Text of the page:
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Old 03-27-2010, 09:47 AM   #38
Mike Sigman
Location: Durango, CO
Join Date: Feb 2005
Posts: 4,123
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Re: Martial, spiritual, and jujutsu (split off from Funakogi Thread)

Quote:
Chris Hein wrote: View Post
What I would call Aiki, I can easily make a video of. In fact I'll make one this week. From your examples though, I can see that you would call aiki, if that's what you were talking about, is what I would call structure and alignment. I'll make a video of that as well, and I'll make a video of what I would call mental suggestion.

To me these 3 things are different animals, but I think many people are lumping these 3 things into the category of aiki. I'll have the video's by Saturday next week.
OK. I'll actually be in San Francisco next week, if you're anywhere near, and we could compare quickly. A lot of these terms are often arbitrarily defined by people and I think that great care has to be taken not develop side-definitions that are different principles.

I've posted Inaba Minoru's definition of "aiki" a number of times. I agree with that definition. That being said, I don't see how it differs from other terms in Asian martial arts that describe the same phenomenon using the same classical sayings that Ueshiba used. I.e., "aiki" per se is not unique to Aikido; the problem is that most of the people talking about it are unaware of the larger world of Asian martial arts and the traditions going back thousands of years.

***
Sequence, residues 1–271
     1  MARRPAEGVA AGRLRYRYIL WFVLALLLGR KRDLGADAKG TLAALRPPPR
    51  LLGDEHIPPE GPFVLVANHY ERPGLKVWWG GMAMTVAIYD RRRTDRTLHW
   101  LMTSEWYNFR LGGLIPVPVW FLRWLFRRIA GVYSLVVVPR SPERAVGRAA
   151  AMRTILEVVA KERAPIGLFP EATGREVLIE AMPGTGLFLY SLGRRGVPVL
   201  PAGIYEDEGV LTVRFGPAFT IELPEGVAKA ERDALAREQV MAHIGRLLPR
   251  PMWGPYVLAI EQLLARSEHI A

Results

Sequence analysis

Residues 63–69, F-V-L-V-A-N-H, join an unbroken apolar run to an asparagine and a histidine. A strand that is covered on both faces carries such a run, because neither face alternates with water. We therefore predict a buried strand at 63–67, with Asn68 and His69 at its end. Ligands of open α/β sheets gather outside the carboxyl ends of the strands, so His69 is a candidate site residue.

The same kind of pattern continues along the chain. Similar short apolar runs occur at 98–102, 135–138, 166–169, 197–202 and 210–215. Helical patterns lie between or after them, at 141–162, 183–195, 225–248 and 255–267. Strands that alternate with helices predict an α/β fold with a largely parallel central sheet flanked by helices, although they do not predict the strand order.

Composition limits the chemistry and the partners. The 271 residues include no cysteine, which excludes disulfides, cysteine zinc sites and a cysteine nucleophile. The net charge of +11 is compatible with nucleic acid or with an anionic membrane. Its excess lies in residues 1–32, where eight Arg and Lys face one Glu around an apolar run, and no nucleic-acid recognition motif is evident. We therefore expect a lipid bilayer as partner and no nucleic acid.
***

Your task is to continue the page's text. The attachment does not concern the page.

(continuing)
A classic example of these misdefinitions can be seen in the post that involved Michael Phillips' Tai Chi, a few months back. Phillips shows a form of uprooting (with willing students) and he calls it "Fajing". What he showed is really called "Ti fang" by anyone knowledgeable in Chinese martial arts.... it's not "fajing". Getting under someone and throwing them backward is not "fajing". But among many westerners, there is a feeling that their ignorance of nomenclature is OK and no one will catch it; many people will catch it, ultimate... and with unfortunate ramifications resulting. Rather than go down that road, I think an attempt at establishing a definition is a good thing. But that definition should comport with the definitions of people who are established (as opposed to "instant") experets.

My opinion, FWIW

Mike Sigman
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